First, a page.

When Swedish bank SEB AB announced recently that it wanted to buy into the market for carbon credits, what it got was a pile of duds.
Hans Beyer, SEB’s chief sustainability officer, says most of the roughly 150 pitches that he received last year weren’t backed by any recognized body validating claims to be permanently removing carbon dioxide from the atmosphere. And some were pitched on the basis of doing nothing at all — merely pledges to avoid emitting CO2 in the future.
The buying and selling of credits that purport to offset a company’s pollution has become a cornerstone of the effort to limit global warming, and it’s being bolstered by a deal to create an international market mechanism struck at the COP26 talks in Glasgow last year. But the regulation of projects to cut carbon and win those credits is still its infancy, and amid hopes that the market will balloon to some $180 billion by the end of the decade, opportunism is rife.
“The whole concept of ‘I will not pollute and therefore I should get paid’ solutions are likely the worst,” Beyer said. “This will be a crazy market until it is regulated, completely crazy.”
In an October report, the United Nations warned that without stronger emissions-reduction targets, the world will warm 2.7°C by 2100, with catastrophic consequences. That’s creating a new wave of urgency to announce that businesses will be “net zero” in terms of carbon emissions within the coming decades. Global banks with a combined $130 trillion balance sheet are piling in.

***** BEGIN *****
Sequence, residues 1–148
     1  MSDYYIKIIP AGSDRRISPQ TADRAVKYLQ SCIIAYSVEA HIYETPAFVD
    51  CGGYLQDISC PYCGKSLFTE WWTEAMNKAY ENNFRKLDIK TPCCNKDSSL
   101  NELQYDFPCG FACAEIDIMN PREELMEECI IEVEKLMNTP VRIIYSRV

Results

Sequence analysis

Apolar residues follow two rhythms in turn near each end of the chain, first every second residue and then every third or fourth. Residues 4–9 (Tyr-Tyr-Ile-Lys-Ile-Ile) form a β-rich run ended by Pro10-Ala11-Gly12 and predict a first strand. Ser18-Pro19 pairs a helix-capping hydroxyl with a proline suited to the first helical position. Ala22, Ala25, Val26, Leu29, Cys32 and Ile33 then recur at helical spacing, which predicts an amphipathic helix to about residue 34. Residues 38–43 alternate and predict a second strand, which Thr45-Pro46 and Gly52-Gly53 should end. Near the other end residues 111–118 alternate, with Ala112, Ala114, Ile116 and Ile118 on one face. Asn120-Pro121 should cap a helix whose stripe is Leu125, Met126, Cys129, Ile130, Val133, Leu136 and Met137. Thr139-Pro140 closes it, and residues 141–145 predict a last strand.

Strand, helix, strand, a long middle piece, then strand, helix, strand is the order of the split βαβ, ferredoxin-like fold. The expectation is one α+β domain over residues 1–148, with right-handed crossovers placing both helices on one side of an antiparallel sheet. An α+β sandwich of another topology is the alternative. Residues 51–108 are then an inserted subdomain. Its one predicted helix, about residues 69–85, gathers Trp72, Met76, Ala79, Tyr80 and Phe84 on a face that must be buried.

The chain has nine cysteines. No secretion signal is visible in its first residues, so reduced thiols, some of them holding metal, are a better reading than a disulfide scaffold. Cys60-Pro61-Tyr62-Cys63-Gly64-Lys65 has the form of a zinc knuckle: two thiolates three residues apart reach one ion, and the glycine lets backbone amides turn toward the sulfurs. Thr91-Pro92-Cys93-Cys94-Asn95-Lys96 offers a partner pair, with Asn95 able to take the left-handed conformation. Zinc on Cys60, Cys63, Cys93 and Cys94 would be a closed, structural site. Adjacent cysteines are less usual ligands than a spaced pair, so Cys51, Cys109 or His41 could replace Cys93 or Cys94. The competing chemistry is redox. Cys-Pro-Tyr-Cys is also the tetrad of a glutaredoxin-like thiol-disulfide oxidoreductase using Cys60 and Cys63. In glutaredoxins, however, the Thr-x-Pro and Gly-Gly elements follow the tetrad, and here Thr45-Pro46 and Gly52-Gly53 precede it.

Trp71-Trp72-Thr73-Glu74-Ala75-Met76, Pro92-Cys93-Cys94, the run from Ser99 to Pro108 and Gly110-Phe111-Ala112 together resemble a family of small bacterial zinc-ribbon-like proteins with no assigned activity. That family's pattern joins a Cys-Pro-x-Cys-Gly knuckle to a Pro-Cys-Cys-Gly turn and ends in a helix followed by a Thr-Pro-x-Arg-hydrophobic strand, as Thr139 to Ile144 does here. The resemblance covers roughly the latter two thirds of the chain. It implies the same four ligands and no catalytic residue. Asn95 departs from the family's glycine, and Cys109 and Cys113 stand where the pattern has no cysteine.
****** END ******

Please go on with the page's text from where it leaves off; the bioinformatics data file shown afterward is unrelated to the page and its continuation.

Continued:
At COP26, global leaders agreed on general principles for projects that generate carbon credits, which include initiatives as diverse as re-forestation, renewable power installation or measures to help household energy efficiency. The guidelines now say that projects which generate credits by claiming to remove carbon emissions must not have been done otherwise; reductions must be long term and not lead to polluting elsewhere. COP26 also agreed to the creation of a registry, to track credits and the use of proceeds from their issuance.
As of now though, the industry is covered by a patchwork of voluntary, private-sector standards bodies that fall far short of joined-up global oversight. Skepticism over the real carbon-removing credentials of projects is also growing, and only a tiny fraction of projects actually remove CO2 from the air.
“We need regulation,” said Alberto Carrillo Pineda, the founder of the Science Based Targets initiative, a voluntary program for reviewing plans that aim for zero emissions by 2050. Considered among the best available, the standards set by Pineda’s organization limit businesses’ use of credits to offset only so-called residual emissions, those that are left after real cuts to operations are made.
Demand for offsets is soaring as companies race to make “net-zero” commitments — pledging to eliminate emissions from their activities or balance them with an equivalent amount of greenhouse-gas removal. Pineda says investors and consumers increasingly are deciding where to put money based on the plans, yet there’s little to hold companies accountable for the promises they make. Regulatory focus is on “risk and disclosure,” not “ambition and performance.”
Worth just $300 million in 2019, the offset market could climb to $180 billion in 2030, according to the Task Force on Scaling Voluntary Carbon Markets, a body backed by the Institute of International Finance, a financial industry lobby group.